Niviaq Korneliussen’s Last Night in Nuuk may be the first novel of the 21st century to travel from Greenland into American letters. (It’s certainly the first written by a native to be translated into English that this reviewer has heard of.) Thus, it bears a heavy burden. It must be foreign but familiar, it must offer a glimpse into life in Greenland that doesn’t lapse into language or customs so local as to be incomprehensible, and it must show the ways that Greenlanders are just like Westerners even as it plays up the beguiling differences. Nuuk achieves all this, yet aside from the lure of its provenance and a handful of charms it isn’t a very good novel.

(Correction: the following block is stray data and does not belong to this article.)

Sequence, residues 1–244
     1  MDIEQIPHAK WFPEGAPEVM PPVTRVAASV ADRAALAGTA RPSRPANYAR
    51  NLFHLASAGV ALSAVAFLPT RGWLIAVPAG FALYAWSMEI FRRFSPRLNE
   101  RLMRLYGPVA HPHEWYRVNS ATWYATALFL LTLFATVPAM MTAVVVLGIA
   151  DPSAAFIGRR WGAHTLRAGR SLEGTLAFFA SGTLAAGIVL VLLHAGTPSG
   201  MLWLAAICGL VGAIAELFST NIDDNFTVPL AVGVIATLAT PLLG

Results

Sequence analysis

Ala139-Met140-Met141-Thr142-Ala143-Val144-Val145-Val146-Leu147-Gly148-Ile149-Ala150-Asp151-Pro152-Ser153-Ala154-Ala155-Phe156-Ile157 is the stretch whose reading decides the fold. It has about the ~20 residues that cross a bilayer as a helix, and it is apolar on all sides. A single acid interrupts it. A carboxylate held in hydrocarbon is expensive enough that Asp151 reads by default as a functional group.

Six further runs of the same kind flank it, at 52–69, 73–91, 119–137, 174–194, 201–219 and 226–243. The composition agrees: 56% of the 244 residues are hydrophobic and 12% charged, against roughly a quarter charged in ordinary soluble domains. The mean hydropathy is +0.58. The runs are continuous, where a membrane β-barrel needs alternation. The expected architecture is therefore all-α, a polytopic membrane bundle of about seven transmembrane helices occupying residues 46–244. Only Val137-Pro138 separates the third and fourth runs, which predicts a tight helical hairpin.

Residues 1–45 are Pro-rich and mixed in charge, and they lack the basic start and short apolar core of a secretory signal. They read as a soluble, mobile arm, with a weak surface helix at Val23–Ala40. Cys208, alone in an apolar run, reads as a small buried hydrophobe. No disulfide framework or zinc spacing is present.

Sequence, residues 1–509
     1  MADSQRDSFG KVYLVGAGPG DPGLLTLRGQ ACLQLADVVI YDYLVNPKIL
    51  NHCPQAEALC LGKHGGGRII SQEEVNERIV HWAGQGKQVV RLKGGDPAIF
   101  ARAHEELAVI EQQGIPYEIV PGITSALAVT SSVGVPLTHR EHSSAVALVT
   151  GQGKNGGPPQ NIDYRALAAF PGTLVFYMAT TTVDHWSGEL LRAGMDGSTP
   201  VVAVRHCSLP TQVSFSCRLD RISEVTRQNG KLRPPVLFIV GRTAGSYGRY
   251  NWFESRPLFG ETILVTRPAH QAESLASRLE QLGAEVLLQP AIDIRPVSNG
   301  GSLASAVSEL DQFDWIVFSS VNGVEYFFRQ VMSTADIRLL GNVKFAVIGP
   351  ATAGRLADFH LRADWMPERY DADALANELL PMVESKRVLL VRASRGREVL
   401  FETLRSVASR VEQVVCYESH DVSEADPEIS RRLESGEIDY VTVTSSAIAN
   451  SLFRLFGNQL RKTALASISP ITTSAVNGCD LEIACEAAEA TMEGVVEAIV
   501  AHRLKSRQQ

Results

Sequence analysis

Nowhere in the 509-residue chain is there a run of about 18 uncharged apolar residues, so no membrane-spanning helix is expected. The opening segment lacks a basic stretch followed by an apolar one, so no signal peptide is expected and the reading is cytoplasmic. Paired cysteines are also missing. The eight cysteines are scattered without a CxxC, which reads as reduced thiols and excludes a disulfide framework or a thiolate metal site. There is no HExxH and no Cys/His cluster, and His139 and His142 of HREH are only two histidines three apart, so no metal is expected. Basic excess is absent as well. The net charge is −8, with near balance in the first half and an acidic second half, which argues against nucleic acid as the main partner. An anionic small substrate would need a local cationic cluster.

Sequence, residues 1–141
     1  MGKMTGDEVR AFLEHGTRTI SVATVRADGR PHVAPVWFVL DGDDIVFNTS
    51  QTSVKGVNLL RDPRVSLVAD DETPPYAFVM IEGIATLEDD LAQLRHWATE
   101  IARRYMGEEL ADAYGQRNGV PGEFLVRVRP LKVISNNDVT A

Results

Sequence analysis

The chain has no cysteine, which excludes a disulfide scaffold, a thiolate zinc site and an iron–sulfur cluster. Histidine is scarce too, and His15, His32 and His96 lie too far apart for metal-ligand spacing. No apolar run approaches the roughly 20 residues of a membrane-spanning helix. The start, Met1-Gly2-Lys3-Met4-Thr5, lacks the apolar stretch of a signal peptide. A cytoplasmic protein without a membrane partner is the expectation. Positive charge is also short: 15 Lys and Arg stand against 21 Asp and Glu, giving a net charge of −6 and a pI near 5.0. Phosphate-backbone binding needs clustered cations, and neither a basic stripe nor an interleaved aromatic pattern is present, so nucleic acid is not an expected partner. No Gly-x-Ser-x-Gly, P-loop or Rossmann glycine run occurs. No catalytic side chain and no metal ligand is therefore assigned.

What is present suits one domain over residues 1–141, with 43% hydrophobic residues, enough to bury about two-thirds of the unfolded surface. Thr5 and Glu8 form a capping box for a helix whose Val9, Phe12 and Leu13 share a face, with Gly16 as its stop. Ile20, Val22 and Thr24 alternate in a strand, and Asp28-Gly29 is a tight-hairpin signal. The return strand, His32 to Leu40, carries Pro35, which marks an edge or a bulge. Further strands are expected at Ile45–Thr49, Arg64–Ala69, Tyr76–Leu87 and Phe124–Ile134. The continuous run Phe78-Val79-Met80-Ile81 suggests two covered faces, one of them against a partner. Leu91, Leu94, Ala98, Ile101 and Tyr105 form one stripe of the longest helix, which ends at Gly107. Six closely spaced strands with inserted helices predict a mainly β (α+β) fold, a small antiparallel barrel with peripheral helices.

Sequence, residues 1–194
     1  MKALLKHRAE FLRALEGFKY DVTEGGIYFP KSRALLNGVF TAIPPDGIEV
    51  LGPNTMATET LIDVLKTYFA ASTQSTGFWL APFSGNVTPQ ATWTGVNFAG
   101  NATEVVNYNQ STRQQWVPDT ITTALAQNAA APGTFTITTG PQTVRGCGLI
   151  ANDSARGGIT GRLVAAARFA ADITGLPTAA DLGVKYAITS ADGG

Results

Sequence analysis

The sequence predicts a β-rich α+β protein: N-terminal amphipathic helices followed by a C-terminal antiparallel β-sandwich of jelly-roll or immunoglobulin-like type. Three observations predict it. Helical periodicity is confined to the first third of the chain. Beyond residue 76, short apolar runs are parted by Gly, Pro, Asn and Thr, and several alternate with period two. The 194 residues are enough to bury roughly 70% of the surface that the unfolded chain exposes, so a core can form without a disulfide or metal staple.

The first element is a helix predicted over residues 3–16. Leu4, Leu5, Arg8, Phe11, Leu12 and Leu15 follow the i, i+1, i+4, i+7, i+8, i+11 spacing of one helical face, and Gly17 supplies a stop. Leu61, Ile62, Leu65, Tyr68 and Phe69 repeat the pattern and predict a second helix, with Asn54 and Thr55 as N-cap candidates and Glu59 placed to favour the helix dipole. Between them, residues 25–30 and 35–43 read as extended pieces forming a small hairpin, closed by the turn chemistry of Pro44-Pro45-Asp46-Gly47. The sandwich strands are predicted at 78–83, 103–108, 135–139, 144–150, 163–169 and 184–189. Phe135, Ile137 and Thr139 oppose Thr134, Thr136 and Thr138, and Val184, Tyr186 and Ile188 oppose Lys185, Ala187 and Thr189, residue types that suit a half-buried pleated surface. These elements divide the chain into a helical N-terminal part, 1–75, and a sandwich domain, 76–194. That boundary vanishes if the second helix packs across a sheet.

First, with its design padding — the novella-length work features large print and creative spacing — and low-stakes plot revolving around the dissolute lives of a group of young people, Nuuk is pretty slight. Each of the novel’s five sections, which are titled after songs (“Crimson & Clover,” “Stay,” “What a Day”), is narrated by a different character. (The characters Arnaq and Inuk are named using the Greenlandic words for “woman” and “man,” which is just as heavy-handed as it sounds.) Korneliussen uses text messages, letters, and journal entries to enliven the book’s narration, and she includes a glossary of Greenlandic words, which is helpful, and a dramatis personae, which is superfluous. All of this technical folderol signals an author insecure about her lack of experience — instead of wielding textual strategies with confidence and purpose, she distracts the reader with youth culture.